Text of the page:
The Grand Duchy of Luxembourg is well on its way to pioneering cannabis in Europe. The future governing coalition of the Grünen, socialists and liberals, agreed in December 2018 to promote the legalization of cannabis for recreational use for adults. Years ago, it was only the Grünen that insisted on legalization, but in June 2018, within a few months, cannabis was legalized for medical purposes.
A citizens’ initiative then submitted a petition for full legalization, which reached the required 4,500 signatures relatively quickly. Therefore, the current governing parties included the sensitive issue in their election program. But what was behind the rapid rethinking in June 2018 of allowing medical cannabis? The answer ist quite easy! In Luxembourg, Clearsteam is the subsidiary of Deutsche Börse, which should enable the continuation of trade in cannabis shares that are active in the medical field. With full legalization, other cannabis companies will now find their way to the stock exchange more easily.
Another reason for the legalization of cannabis is the associated dehydration of the illegal market, including the related procurement crime in Luxembourg. Due to the ensured high quality of the cannabis, the health risks for the consumer are clearly minimized.
But the governing coalition does not want to rush things, so the general conditions and the timetable are not yet known. The Ministry of Health has set up a working group to clarify the detailed questions for full legalization. This also includes a very close contact with colleagues in the Netherlands and Canada, the government said. At the end of May this year, Minister of Health Etienne Schneider will fly to Canada to learn about her first experiences in the free use of cannabis.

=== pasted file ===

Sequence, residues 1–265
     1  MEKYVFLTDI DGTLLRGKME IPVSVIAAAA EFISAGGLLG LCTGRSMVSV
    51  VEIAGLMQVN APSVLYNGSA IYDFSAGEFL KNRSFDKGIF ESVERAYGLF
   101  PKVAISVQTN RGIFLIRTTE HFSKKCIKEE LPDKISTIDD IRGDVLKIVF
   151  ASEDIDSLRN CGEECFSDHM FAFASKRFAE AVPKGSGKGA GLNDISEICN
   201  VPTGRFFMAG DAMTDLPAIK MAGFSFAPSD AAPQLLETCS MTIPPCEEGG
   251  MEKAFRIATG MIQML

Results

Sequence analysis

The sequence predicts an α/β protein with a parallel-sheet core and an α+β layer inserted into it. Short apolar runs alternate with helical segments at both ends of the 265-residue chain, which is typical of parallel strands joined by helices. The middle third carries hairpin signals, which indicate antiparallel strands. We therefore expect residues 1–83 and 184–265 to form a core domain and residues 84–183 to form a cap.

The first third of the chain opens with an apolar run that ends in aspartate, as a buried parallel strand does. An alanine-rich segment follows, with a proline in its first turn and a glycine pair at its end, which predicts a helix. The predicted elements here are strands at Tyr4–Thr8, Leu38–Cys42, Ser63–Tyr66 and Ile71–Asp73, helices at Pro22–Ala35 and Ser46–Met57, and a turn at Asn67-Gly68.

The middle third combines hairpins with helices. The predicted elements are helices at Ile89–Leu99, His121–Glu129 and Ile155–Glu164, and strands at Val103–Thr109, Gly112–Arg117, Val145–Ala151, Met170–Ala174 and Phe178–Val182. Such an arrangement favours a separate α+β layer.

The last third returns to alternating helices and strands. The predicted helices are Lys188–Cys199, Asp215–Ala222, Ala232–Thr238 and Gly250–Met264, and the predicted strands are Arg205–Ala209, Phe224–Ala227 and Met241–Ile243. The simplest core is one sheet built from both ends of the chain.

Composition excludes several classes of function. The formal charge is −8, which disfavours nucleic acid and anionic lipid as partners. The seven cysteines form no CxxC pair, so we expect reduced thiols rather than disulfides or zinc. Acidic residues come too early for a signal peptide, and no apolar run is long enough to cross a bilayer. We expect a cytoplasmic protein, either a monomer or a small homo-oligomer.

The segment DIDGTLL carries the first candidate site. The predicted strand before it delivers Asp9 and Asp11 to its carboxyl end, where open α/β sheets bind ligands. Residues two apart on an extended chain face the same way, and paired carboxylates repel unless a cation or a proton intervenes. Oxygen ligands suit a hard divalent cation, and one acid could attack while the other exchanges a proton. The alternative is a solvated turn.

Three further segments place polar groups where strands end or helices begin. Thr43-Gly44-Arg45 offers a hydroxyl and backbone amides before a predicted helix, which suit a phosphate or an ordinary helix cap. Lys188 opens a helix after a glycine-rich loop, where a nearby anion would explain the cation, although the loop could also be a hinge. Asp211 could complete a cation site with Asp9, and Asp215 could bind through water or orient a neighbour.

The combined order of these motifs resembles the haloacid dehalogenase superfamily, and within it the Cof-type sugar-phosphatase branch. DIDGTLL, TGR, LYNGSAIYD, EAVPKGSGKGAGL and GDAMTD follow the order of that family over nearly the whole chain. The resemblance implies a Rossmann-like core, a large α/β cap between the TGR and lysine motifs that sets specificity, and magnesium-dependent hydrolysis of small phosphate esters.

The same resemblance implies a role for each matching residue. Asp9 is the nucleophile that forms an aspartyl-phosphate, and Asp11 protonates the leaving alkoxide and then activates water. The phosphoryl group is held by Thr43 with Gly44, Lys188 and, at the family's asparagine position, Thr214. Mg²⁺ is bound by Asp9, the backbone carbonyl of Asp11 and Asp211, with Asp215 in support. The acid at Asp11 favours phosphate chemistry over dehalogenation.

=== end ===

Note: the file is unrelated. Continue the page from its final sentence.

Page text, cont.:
Canada is the second country besides Uruguay to legalize the cultivation, sale and consumption of cannabis in October 2018. Adults can buy up to 30 grams of marijuana, have with them and smoke. Private cultivation for personal use is also allowed in most regions.
The supply of medical cannabis is already in progress in Luxembourg. In the middle of January 2019, the first 150 doctors received appropriate training. Since then, prescription cannabis can be purchased in a hospital pharmacy. A first order for 20kg of cannabis has already been delivered by a Canadian company.
It is expected that in the long term, Luxembourg will not remain the only country in Europe that will fully legalize the use of cannabis. The only question is, when will the population-rich states like Germany or France follow suit?
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